Originally published June 2015
Hello everyone! Say what you like about Ma Nature, she is nothing if not tenacious. Whilst we were all wondering which season we were experiencing on any given day she was busy filling our woods, fields and gardens with light and colour. As I write this most of us are casting our clouts and, despite the May being in full bloom, donning them again just as quickly. The woodland floors are awash with wild flowers and the heady scents of Bluebell and Ramson are being replaced with more subtle aromas emanating from our flowering trees.
[See here for the full spring pic journal]
Living in a part of the world with a seasonal climate has many pleasurable aspects to it, one of my personal favourites is the sight of the new leaf growth on our deciduous trees. The pale green of the fresh Oak leaves appears to glow by light of day come rain or shine as do the young, pink-tinged, buds of the Hawthorn. The latter are almost fading into the background as cascades of creamy flowers capture the sun’s rays and, rather like solar-powered lamps, appear to gleam with an eldritch luminance in the dusk of our long evenings. To complete the theme of arboreal illumination, the flower ‘candles’ of the Horse Chestnut are standing to attention in glorious displays of red and white.
Our little reserve is bursting with the fruits of the fertility-driven, spring fever of the last few weeks. Clouds of fluffy seed from Aspen and Willow float through the air on the breeze, when they land they mingle with downy feathers from chick and fledgling that have fallen prey to the numerous hunters of the wood. Multitudes of mini biters cavort in the sunbeams over the pond where their larvae crawl in the mud or undulate through the water waiting to transform into winged-adults and join in the dance. The first of the Damselflies flash over the water in a blur of red and blue whilst the air reverberates to the constant drone of Bees, Wasps and Hoverflies.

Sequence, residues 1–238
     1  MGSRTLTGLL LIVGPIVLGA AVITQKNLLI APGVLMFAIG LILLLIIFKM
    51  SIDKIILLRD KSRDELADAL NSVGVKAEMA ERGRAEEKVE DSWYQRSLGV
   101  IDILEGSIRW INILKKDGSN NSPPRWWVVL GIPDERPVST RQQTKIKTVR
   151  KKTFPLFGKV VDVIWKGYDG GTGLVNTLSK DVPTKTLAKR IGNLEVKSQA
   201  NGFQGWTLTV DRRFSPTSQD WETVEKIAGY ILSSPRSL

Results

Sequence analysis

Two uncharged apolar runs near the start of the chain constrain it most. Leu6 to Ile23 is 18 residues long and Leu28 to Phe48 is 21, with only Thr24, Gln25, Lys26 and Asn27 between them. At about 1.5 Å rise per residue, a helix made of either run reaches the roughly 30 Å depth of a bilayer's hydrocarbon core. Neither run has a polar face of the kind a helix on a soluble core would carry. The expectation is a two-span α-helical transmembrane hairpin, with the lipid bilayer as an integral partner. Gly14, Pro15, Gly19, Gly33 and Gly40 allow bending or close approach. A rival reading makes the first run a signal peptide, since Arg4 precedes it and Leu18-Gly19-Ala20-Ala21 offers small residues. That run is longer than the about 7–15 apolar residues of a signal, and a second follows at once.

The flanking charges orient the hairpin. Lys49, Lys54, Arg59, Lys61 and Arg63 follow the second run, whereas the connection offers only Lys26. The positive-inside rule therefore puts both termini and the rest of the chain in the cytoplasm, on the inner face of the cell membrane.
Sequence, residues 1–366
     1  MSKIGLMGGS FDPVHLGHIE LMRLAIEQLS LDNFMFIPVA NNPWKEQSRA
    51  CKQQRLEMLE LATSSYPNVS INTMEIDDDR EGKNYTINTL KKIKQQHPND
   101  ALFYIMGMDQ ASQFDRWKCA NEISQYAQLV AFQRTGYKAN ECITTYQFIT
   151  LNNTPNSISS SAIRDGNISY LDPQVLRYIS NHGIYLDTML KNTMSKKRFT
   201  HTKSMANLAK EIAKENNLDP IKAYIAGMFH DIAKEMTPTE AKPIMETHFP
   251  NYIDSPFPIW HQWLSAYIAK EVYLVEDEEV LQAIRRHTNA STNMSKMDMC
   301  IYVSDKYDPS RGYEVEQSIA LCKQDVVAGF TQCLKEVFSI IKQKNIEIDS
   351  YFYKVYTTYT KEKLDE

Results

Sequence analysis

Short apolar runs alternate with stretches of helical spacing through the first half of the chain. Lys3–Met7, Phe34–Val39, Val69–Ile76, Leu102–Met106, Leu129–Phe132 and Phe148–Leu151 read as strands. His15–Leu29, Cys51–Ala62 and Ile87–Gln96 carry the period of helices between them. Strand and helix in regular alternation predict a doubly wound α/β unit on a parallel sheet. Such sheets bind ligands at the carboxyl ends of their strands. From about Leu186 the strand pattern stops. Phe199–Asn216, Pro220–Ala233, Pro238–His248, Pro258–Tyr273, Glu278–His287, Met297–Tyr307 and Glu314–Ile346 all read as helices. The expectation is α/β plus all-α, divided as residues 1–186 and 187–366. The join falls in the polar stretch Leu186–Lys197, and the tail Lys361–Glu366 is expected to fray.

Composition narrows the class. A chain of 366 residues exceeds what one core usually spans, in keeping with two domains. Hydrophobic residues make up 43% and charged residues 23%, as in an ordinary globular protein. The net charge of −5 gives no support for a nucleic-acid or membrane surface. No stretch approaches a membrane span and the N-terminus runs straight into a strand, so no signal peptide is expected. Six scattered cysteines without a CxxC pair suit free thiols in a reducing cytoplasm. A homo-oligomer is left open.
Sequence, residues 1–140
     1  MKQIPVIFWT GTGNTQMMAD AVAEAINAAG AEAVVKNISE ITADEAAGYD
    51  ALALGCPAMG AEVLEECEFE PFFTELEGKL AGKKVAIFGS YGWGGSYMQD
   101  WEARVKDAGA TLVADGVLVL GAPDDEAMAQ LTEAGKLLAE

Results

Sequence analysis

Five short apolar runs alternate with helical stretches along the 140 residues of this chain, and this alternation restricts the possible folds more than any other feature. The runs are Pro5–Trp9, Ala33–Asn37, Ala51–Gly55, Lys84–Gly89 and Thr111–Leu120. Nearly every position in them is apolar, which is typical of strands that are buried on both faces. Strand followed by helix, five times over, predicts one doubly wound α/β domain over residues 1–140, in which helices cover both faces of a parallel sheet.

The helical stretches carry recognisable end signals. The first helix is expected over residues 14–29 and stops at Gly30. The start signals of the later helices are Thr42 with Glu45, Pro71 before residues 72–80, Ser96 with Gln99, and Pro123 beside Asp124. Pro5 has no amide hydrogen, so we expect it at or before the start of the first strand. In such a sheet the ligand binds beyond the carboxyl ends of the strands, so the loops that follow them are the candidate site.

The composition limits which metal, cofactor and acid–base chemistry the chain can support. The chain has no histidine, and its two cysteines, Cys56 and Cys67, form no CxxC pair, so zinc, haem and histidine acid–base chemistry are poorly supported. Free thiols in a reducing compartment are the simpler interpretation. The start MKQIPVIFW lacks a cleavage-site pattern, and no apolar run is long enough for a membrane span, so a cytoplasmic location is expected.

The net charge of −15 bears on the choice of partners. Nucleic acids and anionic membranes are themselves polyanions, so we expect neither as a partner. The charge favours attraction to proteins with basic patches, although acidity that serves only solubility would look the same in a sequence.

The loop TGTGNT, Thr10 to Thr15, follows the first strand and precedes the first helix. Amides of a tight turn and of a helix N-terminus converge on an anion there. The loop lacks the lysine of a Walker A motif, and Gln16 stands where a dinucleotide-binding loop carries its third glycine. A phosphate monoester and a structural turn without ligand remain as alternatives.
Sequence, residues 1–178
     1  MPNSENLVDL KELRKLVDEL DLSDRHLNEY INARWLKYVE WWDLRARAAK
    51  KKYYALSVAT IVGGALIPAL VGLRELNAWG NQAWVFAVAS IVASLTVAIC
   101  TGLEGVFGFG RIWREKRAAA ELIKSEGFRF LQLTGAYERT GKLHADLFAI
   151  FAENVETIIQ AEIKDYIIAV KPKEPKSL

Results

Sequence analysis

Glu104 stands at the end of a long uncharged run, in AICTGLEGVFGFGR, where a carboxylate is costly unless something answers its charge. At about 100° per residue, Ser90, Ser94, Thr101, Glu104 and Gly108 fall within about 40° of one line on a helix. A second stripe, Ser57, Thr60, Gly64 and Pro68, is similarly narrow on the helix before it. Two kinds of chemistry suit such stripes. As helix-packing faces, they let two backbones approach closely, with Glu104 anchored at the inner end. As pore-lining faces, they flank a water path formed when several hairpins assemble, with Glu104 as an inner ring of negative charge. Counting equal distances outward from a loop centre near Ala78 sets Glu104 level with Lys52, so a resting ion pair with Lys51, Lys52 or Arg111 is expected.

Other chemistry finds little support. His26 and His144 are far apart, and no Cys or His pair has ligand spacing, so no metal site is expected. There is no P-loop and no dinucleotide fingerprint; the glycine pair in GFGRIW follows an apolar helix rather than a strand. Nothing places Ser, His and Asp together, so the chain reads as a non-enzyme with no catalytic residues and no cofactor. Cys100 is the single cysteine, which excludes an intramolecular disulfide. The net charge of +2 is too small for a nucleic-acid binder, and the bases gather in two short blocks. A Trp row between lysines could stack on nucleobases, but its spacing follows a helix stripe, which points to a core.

On the subject of Insects, and in advance of next month’s survey, let us have a brief look at the world of the Lepidoptera (from the Greek Lepido – scale and ptera – wings), the Order of the six-legged animals that includes Moths and Butterflies. The wings are obvious, less so are the thousands of pigmented scales that cover them to provide a myriad of colours and patterns. The relative position of these microscopic, chitin and air-layered structures to each other determines the colour and the amount of iridescence specific to each species. Class Insecta is the largest Class in the, impressively named, Terrestrial Mandibulates, a group of the largest animal Phylum, the Arthropods.